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"Canadians are not getting the value for money on prescription medicine spending or the outcomes they deserve."

That is the opening statement in a new "impact analysis" prepared by Health Canada.

Considering that the language of bureaucracy is usually mealy-mouthed at best, them's fightin' words.

In fact, the federal government has introduced new regulations that, if implemented, will result in the biggest shake-up in prescription drug pricing in 30 years.

In 1987, when patent laws were reformed and pharmaceutical companies were granted 20-year patents on drugs, the Patented Medicine Prices Review Board (PMPRB) was created as a ballast, to "protect consumers from excessive prices from patented medicines."

It did so by setting Canadian drug prices at the median price of seven other countries – the U.S., the U.K., France, Italy, Sweden, Germany and Switzerland – or the highest price in the same therapeutic class.

Allowing relatively high drug prices was supposed to spur investment: At the time, Big Pharma promised to invest at least 10 per cent of its revenues in research and development.

Flash forward to 2017, and Canada has the third-highest drug prices among the 35 countries of the Organisation for Economic Co-operation and Development (OECD), after only the U.S. and Mexico.

Yet pharma investment in R&D sits at 4.2 per cent in Canada, compared to 22.8 per cent in the comparator countries, according to the PMPRB. (However, industry argues that the PMPRB formula is flawed and the correct figure for Canada is 9.97 per cent.)

The proposed regulations would see the U.S. and Switzerland (two of the countries with the highest drug prices) removed from the list of comparator countries, and replaced with Australia, Belgium, Japan, the Netherlands, Norway, South Korea and Spain, which all have lower prices.

The practical result would be estimated savings of $12.7-billion over 10 years, according to the analysis. When you consider that Canada spends about $25-billion annually on brand-name prescription drugs, the savings are modest. Not to mention that while the PMPRB sets the list price (maximum price) for drugs, they tend to be sold at a discount to large purchasers like public drug plans.

Another aspect of the reform is transparency on the actual prices paid, and that is welcome. But there should be consistency in public policies.

Another initiative, the Pan-Canadian Pharmaceutical Alliance, is designed to bring down prices by having governments do joint bulk buying. The pCPA has negotiated prices for 175 drugs so far, with estimated savings of $1.2-billion, but there is no transparency in that process at all.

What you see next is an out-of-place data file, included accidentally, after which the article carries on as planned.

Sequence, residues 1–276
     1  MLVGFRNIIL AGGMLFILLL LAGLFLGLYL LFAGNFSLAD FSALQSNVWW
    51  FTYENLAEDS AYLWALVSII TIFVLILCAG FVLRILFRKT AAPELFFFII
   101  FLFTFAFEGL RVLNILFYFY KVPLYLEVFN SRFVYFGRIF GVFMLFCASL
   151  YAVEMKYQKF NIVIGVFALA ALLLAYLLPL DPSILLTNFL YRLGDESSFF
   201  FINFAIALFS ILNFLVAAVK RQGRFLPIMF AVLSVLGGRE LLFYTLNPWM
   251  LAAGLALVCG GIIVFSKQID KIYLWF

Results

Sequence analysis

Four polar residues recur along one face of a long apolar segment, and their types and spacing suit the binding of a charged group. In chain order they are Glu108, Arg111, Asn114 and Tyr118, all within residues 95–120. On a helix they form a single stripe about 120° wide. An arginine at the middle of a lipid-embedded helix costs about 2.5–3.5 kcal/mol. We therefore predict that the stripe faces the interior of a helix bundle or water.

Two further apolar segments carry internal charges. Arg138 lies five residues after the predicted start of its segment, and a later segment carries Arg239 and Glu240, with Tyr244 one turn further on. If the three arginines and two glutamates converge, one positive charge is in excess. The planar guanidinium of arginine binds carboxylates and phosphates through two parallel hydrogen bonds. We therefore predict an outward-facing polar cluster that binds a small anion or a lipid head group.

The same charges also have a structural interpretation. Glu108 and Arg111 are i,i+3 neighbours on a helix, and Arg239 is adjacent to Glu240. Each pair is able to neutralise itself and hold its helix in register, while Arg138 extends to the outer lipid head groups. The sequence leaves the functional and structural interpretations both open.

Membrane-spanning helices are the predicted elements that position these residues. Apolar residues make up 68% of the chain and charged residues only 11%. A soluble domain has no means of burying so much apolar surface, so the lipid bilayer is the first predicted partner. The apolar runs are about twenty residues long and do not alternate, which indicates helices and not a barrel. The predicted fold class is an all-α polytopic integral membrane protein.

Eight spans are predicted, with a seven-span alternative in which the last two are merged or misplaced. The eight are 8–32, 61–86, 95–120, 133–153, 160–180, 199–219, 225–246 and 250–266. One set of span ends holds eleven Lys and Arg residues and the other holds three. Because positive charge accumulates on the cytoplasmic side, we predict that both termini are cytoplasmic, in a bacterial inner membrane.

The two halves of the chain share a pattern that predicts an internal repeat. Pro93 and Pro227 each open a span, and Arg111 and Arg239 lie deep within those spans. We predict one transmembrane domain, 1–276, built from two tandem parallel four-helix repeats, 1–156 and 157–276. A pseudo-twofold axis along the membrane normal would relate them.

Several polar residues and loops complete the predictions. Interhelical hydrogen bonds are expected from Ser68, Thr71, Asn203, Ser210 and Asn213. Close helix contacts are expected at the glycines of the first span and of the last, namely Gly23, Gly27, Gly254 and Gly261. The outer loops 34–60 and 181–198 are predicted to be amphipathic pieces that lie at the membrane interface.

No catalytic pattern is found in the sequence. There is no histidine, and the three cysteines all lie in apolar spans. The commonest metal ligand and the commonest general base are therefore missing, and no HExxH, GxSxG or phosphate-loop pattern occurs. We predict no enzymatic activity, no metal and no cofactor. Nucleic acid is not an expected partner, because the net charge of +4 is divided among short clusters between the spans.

It's nice to see government finally take some interest in the prescription drug file after three decades of sitting on its hands. But industry will not take the gnawing away at its revenues lying down. There could be job losses in an industry that employs about 30,000 people. Access to drugs, especially new drugs, could be more difficult.

These are not threats. They are realities of a global market. And we have to be clear that we're willing to pay that price too.

There are those who will dismiss industry concerns, point out they have broken promises and say all that matters is bringing down prices.

The reason that big pharmaceutical companies invest in countries is not solely based on drug prices. The countries with the highest rates of R&D investment from pharma companies have, among other things, generous tax breaks, innovation hubs and high rates of public funding for scientific research.

Canada spends a paltry 1.5 per cent of its health dollars ($3.6-billion) on research. So there is no small amount of hypocrisy in complaining that industry spends only 4.2 per cent.

A promise to bring down drug prices makes for a good sound bite, but what's more important is getting value for money. That's why countries are moving away from international price comparisons and embracing concepts like value-based pricing – where drugs are reimbursed based on how well they work.

This requires active and transparent negotiation with industry, not just imposing new formulas.

The new PMPRB regulations allow for this approach but details are scant. Yet as we move from mass-marketed drugs to targeted therapies, this is the future.

Fair drug prices are not necessarily cheap drug prices. The analysis we really need from government is not how we can generate savings within a flawed system, but how we can build a drug-pricing regime that gives us value for money.